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Kid-friendly festivities ring in 2008

POSTED: January 12, 2008 5:02 a.m.

Youngsters partied all day Monday aboard a plane at the Interactive Neighborhood for Kids and sipped sparkling grape juice at the Gainesville Bowling Center to ring in the new year.

Nearly 200 children flocked to INK for the grand opening of an interactive 1955 AeroCommander airplane exhibit that took more than 50 people 1« years to restore. The seven-passenger polka-dotted plane features a cockpit with a refurbished interior that invites children to push buttons simulating the sound of its engine cranking.

Alan Wayne played an integral part in restoring the plane to add to the INK exhibit collection, and said it may soon have the capability for an interactive traffic control radio tower. He said the plane cost more than $100,000 to construct, but various donations were made from corporations and private households from as far away as Ohio and California.

Wayne said Hartzell Corp. donated a $15,000 propeller to the exhibit, while the Cottrell company footed the plane’s $12,000 paint job.

The new "Grandpappy Airlines" plane made its debut at the sixth annual INK New Year’s Eve celebration, where families were invited to watch a magic show from Jeff McClure. Kids also participated in face painting and a variety of crafts.

"We always have a great turnout on New Year’s Eve," said Sheri Hooper, executive director for INK.

Hooper said the interactive town at INK provides a great opportunity for families to come together on New Year’s Eve, even for the little ones who sometimes have a hard time making it to midnight.

The crowded cockpit and the children’s squeals being emitted from it were a testament to the success of the all-day New Year’s Eve celebration.

"(The plane) will be used as a hands-on learning experience for kids," Hooper said. "They’ll learn what it’s like to be a pilot and will be able to use their imagination to be whatever they want to be. What better way to fly out of 2007 and into 2008?"

Wayne credited partner Gary Myers as another plane restoration enthusiast who made the INK addition possible. Wayne said that he was surprised so many individuals came forward to contribute to the exhibit.

"When you say you’re doing something to keep kids off the street, that’s the ticket, because nobody wants to see kids go bad," Wayne said.

Elementary schoolers and teenagers also joined in a wholesome New Year’s Eve celebration Monday afternoon and evening at the Gainesville Bowling Center.

For the first year, the bowling center held its afternoon family party, and invited families to welcome 2008 with family deals on lanes, as well as cosmic bowling, make-your-own cupcakes, pizza, Chicago-style party fedoras and noisemakers.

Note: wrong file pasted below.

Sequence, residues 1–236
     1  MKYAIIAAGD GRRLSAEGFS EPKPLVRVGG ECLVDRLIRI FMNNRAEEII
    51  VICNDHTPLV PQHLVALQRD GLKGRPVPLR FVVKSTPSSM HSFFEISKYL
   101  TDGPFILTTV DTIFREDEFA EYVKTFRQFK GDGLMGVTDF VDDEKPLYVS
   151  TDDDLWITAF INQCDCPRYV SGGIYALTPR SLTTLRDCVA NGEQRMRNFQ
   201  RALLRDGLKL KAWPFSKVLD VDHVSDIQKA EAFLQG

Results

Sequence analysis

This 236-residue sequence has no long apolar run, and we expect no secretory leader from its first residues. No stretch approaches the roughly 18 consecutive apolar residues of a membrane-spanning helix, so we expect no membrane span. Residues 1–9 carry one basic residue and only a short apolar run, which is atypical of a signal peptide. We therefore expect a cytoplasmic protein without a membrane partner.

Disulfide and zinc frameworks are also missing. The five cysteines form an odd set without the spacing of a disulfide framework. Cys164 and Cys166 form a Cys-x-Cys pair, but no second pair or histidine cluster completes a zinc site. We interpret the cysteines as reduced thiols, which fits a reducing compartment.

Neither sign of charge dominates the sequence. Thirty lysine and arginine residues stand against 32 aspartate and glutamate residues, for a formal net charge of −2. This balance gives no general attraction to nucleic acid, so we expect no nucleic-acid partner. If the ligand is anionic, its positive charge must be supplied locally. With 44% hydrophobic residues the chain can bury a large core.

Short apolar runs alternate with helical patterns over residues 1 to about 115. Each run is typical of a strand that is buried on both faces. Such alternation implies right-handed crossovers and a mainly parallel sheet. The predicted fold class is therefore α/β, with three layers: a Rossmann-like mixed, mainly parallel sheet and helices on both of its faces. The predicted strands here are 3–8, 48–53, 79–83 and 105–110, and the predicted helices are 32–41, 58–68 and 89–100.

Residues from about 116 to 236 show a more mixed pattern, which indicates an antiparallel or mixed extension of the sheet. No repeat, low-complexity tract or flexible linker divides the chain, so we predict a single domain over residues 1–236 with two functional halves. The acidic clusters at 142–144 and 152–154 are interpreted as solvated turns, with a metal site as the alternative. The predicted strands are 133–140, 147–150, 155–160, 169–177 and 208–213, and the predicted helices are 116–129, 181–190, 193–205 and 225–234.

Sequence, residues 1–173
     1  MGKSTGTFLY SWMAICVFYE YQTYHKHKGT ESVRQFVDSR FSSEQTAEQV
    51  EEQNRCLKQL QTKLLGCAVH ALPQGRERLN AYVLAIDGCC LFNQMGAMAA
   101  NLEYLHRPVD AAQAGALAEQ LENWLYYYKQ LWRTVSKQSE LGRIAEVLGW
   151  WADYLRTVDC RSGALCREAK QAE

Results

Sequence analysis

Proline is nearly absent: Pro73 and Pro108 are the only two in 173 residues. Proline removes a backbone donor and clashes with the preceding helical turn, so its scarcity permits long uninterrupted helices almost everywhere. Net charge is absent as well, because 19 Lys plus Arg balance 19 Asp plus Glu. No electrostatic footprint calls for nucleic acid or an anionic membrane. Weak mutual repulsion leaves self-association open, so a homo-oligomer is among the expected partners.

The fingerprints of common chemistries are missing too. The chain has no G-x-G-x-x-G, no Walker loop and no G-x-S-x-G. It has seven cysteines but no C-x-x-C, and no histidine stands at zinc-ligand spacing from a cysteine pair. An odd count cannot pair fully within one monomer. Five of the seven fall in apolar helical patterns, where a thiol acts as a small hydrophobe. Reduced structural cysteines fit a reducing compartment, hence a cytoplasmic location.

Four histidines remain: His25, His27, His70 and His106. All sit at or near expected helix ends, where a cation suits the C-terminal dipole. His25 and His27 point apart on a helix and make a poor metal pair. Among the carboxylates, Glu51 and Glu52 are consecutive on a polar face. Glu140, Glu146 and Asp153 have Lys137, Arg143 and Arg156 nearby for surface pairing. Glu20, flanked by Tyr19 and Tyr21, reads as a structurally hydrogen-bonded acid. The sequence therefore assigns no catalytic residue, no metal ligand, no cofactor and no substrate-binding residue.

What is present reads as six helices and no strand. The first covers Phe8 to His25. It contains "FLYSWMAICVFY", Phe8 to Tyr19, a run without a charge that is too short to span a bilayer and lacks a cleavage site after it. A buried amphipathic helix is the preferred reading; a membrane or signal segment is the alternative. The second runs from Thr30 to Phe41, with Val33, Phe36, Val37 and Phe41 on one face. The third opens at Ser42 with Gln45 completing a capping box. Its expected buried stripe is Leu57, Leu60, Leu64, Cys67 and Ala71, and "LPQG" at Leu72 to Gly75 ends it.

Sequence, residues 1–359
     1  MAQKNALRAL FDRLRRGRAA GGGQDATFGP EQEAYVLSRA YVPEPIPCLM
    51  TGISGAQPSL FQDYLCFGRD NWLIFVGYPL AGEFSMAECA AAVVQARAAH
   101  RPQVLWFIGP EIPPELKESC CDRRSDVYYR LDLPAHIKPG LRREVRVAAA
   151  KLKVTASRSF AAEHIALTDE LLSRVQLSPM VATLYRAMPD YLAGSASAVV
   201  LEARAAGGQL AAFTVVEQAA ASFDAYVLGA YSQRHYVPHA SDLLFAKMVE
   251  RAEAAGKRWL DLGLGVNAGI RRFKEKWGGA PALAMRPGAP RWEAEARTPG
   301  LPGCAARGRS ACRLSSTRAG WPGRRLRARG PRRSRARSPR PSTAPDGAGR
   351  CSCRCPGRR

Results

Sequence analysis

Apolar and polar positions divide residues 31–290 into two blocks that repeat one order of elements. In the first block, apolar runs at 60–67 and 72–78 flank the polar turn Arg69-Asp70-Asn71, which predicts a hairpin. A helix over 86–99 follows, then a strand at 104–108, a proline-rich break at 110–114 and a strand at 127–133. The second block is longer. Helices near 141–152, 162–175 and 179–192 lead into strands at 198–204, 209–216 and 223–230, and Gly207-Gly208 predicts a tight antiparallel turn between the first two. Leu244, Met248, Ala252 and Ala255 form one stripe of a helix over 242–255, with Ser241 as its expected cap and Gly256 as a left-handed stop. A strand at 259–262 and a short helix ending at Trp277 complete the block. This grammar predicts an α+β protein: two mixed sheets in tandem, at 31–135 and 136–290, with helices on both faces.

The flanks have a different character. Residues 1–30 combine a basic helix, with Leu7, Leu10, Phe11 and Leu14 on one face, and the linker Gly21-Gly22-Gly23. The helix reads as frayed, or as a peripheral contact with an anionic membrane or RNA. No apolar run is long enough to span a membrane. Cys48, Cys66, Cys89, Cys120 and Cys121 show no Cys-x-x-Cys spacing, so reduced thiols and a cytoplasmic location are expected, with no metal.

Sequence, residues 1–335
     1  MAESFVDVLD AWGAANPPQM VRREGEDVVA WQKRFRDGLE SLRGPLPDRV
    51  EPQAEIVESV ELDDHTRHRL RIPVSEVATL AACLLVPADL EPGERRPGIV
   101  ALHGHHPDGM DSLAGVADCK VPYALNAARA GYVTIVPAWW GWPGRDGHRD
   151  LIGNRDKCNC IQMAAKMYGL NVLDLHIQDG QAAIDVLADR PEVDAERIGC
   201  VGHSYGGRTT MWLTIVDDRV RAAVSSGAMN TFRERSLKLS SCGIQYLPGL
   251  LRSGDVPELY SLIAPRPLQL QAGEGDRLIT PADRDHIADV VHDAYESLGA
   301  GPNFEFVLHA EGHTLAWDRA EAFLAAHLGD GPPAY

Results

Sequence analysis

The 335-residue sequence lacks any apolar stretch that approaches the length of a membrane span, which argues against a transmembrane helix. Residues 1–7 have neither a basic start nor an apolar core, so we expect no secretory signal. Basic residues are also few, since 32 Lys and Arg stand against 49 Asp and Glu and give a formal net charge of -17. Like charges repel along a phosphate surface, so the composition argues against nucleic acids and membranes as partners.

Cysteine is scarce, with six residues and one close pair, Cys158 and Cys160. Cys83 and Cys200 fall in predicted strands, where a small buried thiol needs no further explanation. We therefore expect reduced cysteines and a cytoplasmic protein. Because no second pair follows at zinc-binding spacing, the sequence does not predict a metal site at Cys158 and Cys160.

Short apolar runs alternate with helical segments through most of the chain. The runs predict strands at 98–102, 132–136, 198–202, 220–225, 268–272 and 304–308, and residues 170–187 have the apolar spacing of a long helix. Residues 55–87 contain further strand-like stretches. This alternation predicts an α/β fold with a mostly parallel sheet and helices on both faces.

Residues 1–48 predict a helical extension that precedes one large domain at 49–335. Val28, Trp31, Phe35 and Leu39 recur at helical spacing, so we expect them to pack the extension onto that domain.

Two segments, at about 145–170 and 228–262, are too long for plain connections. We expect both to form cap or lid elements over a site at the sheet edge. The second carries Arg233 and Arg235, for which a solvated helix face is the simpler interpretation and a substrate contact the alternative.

Lisa and Ralph Johnston brought their whole family out to spend the afternoon bowling. In fact, they’ve made bowling at 3 p.m. on New Year’s Eve a tradition for their three children. Brothers, sisters, grandparents and cousins all showed up dutifully at the bowling alley Monday for the fifth consecutive year.

"The kids were really small when we started, but now they’re getting older and we still have fun," Ralph Johnston said. "Rather than just sitting around and watching TV, we wanted to do something active as a family."

Johnston said that although his family is an athletic one, bowling is no one’s forte, which makes for an afternoon full of laughter. He said the tradition gets the family together so they can talk and welcome the new year in each other’s company.

"You’re hanging out with your family, and they’re a pretty good influence. They’re even fun to hang out with, most of the time," Liz Johnston, 13, said.

She added that even as she enters high school, she plans to continue spending New Year’s Eve at home with her family watching the ball drop in Times Square.

Her father, Ralph Johnston, said that he plans to incorporate his children’s friends into the tradition to keep them excited about it as they get older.

The family bowling celebration gave way to a more adult-geared party beginning at 8 p.m. But Debbie Love, who co-owns the Gainesville Bowling Center with her husband and parents, said she plans to hold another family bowling party on Dec. 31, 2008.

"It’s a great way to spend time together and catch up," Love said. "Even if the kids don’t want to go with you, they’ll have fun because bowling is cool — and cosmic bowling is really cool. It’s just a chance to end the year on a great note and start the new year on a great note."



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